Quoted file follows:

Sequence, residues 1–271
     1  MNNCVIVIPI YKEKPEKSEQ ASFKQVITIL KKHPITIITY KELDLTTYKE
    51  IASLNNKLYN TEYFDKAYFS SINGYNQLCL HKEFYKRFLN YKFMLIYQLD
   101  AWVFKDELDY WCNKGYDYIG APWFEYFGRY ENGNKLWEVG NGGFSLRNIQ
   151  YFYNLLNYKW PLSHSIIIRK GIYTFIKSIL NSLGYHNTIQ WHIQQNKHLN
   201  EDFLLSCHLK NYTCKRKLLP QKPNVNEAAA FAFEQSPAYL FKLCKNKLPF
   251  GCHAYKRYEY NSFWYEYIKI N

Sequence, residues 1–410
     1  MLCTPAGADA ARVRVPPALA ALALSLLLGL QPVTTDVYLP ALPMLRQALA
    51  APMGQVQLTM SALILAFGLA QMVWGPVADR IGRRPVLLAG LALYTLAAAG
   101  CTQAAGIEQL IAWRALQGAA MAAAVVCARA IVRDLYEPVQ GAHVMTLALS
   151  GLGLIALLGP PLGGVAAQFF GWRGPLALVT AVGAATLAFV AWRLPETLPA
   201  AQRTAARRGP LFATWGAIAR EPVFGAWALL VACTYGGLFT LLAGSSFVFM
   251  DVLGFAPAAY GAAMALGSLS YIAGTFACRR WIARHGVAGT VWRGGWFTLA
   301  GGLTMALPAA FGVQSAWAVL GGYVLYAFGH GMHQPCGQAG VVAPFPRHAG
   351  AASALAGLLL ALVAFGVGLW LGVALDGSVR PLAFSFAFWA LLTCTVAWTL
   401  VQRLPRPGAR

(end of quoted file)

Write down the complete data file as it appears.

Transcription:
Sequence, residues 1–271
     1  MNNCVIVIPI YKEKPEKSEQ ASFKQVITIL KKHPITIITY KELDLTTYKE
    51  IASLNNKLYN TEYFDKAYFS SINGYNQLCL HKEFYKRFLN YKFMLIYQLD
   101  AWVFKDELDY WCNKGYDYIG APWFEYFGRY ENGNKLWEVG NGGFSLRNIQ
   151  YFYNLLNYKW PLSHSIIIRK GIYTFIKSIL NSLGYHNTIQ WHIQQNKHLN
   201  EDFLLSCHLK NYTCKRKLLP QKPNVNEAAA FAFEQSPAYL FKLCKNKLPF
   251  GCHAYKRYEY NSFWYEYIKI N

Sequence, residues 1–410
     1  MLCTPAGADA ARVRVPPALA ALALSLLLGL QPVTTDVYLP ALPMLRQALA
    51  APMGQVQLTM SALILAFGLA QMVWGPVADR IGRRPVLLAG LALYTLAAAG
   101  CTQAAGIEQL IAWRALQGAA MAAAVVCARA IVRDLYEPVQ GAHVMTLALS
   151  GLGLIALLGP PLGGVAAQFF GWRGPLALVT AVGAATLAFV AWRLPETLPA
   201  AQRTAARRGP LFATWGAIAR EPVFGAWALL VACTYGGLFT LLAGSSFVFM
   251  DVLGFAPAAY GAAMALGSLS YIAGTFACRR WIARHGVAGT VWRGGWFTLA
   301  GGLTMALPAA FGVQSAWAVL GGYVLYAFGH GMHQPCGQAG VVAPFPRHAG
   351  AASALAGLLL ALVAFGVGLW LGVALDGSVR PLAFSFAFWA LLTCTVAWTL
   401  VQRLPRPGAR